On broad political matters the OP makes no advance on what the SC has already published, which Renewal has already criticized at length. I will only note, as it is one of my “favorite” leadership faction errors, that the analysis of aggregate data–with the notable and telling exception of opinion polls–remains completely foreign to the Center. Instead a series of events, great and small, are “plucked out” of recent history in order to “prove” whatever the leadership faction is saying. No one less than our exalted friend Lenin knew the bankruptcy of this method, writing that “in view of the extreme complexity of the phenomena of social life it is always possible to select any number of examples or separate data to prove any proposition.” But it is practically a law of political life that those who shout the most about “Leninism” have the least idea of what Lenin was up to.
The Center’s broad organizational proposals–which I will punctuate with exclamation points to make them seem more exciting–are: public meetings! paper sales! Marxist education! The comfy routines of the organization, those warm hoary chestnuts, that every member who can think knows are not working. This is why it has not been only Renewal comrades who have expressed discontent at the state of the group (although I think we have done more than anyone to link and politicize the array of organizational problems). All of the critical voices in the ISO have been completely ignored.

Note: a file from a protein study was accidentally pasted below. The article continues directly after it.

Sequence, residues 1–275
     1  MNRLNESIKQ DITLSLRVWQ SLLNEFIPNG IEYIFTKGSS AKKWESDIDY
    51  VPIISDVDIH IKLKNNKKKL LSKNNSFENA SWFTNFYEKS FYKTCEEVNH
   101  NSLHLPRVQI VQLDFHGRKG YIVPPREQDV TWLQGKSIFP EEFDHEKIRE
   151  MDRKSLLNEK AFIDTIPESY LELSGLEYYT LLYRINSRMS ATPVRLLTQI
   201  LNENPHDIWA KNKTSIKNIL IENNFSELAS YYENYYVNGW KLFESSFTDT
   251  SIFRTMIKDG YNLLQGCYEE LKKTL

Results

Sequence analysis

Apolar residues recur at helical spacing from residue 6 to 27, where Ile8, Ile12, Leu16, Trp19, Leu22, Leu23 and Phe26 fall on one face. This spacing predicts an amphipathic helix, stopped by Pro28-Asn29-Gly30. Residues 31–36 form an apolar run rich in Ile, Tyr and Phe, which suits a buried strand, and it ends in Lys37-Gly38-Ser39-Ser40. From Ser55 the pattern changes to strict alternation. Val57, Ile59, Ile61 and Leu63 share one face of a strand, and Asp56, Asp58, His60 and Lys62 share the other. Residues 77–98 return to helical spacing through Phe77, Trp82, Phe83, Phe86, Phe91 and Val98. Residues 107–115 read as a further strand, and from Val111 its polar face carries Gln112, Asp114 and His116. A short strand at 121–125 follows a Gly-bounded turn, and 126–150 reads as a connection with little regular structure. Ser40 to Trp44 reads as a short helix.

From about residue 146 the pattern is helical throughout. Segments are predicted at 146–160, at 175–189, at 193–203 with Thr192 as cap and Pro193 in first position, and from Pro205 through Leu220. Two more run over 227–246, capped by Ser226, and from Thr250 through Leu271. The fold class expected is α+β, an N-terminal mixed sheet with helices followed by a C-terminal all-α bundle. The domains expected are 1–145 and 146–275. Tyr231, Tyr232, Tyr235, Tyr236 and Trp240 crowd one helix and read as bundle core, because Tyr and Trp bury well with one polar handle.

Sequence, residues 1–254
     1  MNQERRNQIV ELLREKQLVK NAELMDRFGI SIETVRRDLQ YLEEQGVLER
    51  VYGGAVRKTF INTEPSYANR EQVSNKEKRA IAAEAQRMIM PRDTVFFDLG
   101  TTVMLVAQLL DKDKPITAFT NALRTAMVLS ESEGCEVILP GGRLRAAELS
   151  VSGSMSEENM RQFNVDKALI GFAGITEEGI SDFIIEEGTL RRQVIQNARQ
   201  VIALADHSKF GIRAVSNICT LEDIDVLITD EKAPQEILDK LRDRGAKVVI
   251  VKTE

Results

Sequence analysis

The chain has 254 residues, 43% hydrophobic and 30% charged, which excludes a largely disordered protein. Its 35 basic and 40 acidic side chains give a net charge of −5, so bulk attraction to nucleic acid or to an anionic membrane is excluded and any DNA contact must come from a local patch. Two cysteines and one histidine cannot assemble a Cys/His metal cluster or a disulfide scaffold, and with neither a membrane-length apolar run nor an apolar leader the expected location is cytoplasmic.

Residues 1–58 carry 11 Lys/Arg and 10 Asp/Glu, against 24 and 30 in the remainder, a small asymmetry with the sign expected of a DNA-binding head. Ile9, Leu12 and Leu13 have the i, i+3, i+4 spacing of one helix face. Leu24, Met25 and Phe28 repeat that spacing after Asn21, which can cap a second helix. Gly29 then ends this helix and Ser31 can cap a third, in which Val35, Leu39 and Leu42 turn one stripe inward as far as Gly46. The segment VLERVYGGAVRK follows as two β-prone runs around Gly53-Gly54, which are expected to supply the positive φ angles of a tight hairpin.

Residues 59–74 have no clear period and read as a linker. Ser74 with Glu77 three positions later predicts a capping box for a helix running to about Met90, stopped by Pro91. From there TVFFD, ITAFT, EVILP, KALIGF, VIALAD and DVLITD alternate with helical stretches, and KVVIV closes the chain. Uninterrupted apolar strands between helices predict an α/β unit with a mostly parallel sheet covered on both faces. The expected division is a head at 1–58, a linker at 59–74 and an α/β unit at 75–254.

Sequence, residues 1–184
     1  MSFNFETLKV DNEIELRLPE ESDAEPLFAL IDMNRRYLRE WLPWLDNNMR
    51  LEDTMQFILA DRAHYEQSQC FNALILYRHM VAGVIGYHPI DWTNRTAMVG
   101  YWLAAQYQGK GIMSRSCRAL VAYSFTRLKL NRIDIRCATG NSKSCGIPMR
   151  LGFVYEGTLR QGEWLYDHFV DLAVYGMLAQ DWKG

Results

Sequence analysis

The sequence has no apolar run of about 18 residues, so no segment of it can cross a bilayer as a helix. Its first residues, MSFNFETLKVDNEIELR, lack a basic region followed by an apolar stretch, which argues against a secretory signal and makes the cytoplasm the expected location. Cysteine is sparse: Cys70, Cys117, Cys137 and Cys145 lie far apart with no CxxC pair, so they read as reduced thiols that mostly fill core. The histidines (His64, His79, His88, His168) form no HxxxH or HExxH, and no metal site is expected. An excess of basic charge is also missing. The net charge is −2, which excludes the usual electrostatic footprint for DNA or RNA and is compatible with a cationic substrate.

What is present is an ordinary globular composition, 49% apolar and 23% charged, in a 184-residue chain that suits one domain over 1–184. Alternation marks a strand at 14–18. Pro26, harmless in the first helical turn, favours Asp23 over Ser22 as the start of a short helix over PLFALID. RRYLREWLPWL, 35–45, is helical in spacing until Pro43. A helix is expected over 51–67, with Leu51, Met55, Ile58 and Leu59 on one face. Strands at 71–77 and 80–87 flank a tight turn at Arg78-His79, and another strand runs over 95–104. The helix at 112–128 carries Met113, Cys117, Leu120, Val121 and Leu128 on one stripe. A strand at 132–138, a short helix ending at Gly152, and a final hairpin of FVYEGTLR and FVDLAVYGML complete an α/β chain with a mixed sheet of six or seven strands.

Be that as it may. Some routines are better than others. Paper sales are, of course, universally despised: probably the one thing that all former (and plenty of current) members agree on is that it sucks to sell Socialist Worker. The devotion to the print paper is a hilarious anachronism in the age of social media and smart phones. This does not mean that putting ink on dead trees is outmoded in all circumstances. The OP, for instance, notes that many Occupy encampments started their own print papers. Very true–but if you’re camped out in a shared physical space, a print paper makes a lot of organic sense.
Additionally, the Occupy papers were intensely local, politically diverse, and “near the action.” How any of this translates into an argument for a tendentious nationwide socialist tabloid monthly, published and mostly written by full-timers in Chicago, and shipped to branches via “scaffolding” provided by UPS or FedEx, is unclear.